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The basic propositions of monetarism (Part I)

(1) The Key to Stable Economic Growth Is a Constant Rate of Increase in the Money Supply. Has our economic history been one of stable growth? No inflation? No recessions? Since World War II alone, we've had at least four waves of inflation and 10 recessions.

The monetarists place almost the entire blame on the Federal Reserve Board of Governors. If only they had been increasing the money supply by a steady 3 percent a year, we could have avoided most of this instability.

Let's trace the monetarist reasoning by analyzing the Fed's actions over the course of a business cycle. As a recession sets in, the Fed increases the rate of growth of the money supply. This stimulates output in the short run, helping to pull the economy out of the recession. In the long run, however, this expanded money supply causes inflation. So what does the Fed do? It slams on the monetary brakes, slowing the rate of growth in the money supply. This brings on a recession. And what does the Fed do in response? It increases the rate of monetary growth.

"Is this stop-go, stop-go monetary policy any way to run an economy?" ask the monetarists. This type of policy inspires about as much confidence as the student driver approaching a red light.

In the first half of the 1940s, the Fed helped finance the huge increase in the national debt (incurred by World War II) by pumping up the money supply by tens of billions of dollars. The 1950s, however, were a time of tight money, marked, incidentally, by three recessions.

In the late 1960s, an accelerating rate of monetary growth was accompanied by a rising rate of inflation, which, in the early 1970s, reached double-digit proportions. In 1973 the Federal Reserve Board put on the brakes, and we went into the worst recession we had suffered since World War II. In 1975 the Fed eased up and we recovered. Then, in late 1979, the brakes were applied. The prime rate of interest soared to more than 20 percent, and in January 1980 we went into a sharp six-month recession. What happened next? You guessed it. The Fed eased up again. Interest rates came down, and economic recovery set in. But in 1981 the Fed, alarmed at the rising inflation rate, stepped on the monetary brakes, and we entered still another recession in August 1981. The prime once again soared to more than 20 percent. This recession proved even deeper than that of 1973-75. In summer 1982 the Fed saw no course but to ease up on the brakes; sure enough, by November of that year the recession had ended.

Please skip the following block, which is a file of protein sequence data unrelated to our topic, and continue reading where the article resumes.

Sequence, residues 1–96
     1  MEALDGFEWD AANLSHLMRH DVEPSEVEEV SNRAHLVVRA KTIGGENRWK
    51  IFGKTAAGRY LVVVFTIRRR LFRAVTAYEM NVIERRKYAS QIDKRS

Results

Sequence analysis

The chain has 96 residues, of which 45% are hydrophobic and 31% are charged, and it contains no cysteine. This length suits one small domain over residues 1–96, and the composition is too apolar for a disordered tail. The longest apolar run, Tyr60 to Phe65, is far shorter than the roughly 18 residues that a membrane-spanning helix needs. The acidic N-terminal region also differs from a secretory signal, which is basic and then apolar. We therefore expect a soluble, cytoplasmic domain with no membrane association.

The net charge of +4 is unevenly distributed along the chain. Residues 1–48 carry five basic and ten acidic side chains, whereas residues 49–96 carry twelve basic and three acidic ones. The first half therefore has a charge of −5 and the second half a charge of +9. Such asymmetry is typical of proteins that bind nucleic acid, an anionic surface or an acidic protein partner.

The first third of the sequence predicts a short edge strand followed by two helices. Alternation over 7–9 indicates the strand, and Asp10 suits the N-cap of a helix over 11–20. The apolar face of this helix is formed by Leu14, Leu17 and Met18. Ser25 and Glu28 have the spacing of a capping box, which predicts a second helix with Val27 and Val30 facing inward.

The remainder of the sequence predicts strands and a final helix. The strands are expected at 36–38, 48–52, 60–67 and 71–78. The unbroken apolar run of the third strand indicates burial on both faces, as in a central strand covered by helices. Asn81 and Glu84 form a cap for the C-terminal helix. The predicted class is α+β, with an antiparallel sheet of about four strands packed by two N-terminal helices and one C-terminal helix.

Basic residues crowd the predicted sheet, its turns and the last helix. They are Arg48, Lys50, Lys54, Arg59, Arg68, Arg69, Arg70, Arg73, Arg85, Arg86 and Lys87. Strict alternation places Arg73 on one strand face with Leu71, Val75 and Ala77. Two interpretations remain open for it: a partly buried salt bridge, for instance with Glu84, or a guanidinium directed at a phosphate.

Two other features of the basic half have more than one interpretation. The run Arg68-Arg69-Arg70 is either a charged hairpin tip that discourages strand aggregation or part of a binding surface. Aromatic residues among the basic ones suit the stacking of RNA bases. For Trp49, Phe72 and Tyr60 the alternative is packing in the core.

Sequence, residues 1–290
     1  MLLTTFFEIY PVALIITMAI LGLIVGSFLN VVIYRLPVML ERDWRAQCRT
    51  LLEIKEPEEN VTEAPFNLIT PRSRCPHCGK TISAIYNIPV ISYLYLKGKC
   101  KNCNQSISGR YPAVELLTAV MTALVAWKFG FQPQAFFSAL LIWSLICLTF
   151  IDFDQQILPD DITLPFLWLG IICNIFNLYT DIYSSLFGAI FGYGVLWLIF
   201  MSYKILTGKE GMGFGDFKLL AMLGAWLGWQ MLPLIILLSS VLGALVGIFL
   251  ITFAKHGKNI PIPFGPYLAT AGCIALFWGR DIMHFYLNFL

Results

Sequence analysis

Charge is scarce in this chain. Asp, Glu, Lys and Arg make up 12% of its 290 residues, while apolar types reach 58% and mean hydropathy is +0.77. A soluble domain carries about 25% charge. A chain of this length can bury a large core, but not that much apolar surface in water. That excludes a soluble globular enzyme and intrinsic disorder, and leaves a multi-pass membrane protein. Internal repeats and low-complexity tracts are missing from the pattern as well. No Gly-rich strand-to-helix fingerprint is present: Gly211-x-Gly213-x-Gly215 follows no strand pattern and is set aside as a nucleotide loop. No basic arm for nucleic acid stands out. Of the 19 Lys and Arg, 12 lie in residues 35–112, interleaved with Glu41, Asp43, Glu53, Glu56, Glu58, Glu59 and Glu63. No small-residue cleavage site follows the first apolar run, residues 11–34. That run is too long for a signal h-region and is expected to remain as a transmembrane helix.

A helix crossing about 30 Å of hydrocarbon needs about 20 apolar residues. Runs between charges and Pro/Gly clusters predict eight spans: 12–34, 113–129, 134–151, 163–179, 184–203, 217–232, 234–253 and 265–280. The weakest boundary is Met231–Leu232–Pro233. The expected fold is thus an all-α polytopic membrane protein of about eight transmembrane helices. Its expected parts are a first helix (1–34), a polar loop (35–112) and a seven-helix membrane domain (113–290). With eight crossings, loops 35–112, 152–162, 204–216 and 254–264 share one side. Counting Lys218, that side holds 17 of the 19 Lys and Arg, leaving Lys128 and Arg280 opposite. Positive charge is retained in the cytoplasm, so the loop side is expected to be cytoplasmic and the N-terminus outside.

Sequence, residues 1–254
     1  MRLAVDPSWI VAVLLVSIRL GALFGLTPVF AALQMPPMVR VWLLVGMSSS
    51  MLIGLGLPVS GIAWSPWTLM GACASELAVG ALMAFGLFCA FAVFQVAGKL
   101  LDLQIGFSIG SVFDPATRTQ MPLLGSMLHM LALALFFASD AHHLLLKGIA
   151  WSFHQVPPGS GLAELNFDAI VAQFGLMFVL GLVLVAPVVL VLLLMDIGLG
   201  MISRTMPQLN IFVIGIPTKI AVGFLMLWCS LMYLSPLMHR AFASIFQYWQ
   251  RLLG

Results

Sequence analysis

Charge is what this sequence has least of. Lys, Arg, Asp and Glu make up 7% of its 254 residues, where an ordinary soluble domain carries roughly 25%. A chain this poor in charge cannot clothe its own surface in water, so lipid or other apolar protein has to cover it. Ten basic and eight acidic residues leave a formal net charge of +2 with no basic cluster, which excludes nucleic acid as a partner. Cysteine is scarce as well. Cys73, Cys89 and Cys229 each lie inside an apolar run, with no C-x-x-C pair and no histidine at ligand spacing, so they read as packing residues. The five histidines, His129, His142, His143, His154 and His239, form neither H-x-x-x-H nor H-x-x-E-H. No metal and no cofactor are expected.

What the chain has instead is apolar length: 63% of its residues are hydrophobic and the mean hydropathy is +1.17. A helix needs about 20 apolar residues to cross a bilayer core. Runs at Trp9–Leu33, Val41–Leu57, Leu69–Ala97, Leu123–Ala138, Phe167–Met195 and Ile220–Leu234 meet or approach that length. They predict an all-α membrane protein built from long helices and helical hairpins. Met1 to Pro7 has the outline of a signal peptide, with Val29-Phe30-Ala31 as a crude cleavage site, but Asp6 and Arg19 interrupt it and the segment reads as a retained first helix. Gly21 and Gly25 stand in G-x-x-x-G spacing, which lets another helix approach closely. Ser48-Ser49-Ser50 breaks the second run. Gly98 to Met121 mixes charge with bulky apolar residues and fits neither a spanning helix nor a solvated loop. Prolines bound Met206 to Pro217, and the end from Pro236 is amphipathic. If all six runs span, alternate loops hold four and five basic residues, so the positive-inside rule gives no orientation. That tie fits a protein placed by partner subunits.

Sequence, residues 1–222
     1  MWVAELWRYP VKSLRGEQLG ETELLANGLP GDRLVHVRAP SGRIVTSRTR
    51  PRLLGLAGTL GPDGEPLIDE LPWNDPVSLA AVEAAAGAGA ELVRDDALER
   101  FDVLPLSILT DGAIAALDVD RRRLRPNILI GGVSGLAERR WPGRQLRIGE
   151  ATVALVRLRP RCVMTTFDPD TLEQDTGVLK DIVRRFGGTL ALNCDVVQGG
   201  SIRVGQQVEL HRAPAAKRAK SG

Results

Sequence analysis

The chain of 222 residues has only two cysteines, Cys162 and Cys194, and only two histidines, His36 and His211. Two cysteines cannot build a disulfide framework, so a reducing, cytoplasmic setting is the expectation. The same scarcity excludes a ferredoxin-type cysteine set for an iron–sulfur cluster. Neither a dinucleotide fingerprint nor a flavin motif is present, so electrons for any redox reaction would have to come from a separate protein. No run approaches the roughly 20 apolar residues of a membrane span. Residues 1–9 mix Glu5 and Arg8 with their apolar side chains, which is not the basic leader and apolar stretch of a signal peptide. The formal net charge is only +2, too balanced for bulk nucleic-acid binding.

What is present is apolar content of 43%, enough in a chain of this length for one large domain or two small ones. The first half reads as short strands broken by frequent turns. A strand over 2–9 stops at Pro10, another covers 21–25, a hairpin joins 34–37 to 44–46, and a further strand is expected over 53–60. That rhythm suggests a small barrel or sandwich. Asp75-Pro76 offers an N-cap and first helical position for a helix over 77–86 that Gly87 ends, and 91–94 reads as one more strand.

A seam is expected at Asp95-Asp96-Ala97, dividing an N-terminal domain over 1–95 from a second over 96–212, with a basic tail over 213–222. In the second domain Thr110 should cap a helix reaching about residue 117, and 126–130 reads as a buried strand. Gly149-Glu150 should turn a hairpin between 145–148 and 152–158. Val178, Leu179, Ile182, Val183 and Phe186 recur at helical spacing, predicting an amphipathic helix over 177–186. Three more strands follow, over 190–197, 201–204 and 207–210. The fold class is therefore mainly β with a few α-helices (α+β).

(2) Expansionary Monetary Policy Will Only Temporarily Depress Interest Rates. In the short run, when the Fed increases the rate of monetary growth, interest rates decline. If the interest rate is the price of money, it follows that if the money supply is increased and there is no change in the demand for money, then its price (the interest rate) will decline.

The monetarists tell us that in the long run an increase in monetary growth will not lower interest rates; the increased money supply causes inflation. Lenders will demand higher interest rates to compensate them for being repaid in inflated dollars.

Let's say, for example, there's no inflation and the interest rate is 5 percent. This is the real rate of interest. The rate of inflation then rises to 8 percent; that means if it cost you $10,000 to live last year, your cost of living is now $10,800. If lenders can anticipate the rate of inflation, they will insist that they be paid not just for the real interest rate of 5 percent but also for the anticipated inflation of 8 percent. This raises the interest rate from 5 percent to a nominal rate of 13 percent.

When the Federal Reserve allows the money supply to grow quickly, interest rates are kept down for a while until lenders realize the rate of inflation (caused by faster monetary growth) is rising. They will then demand higher interest rates. Thus, a higher rate of monetary growth in the short run will keep interest rates low, but in the long run it will lead to higher interest rates.

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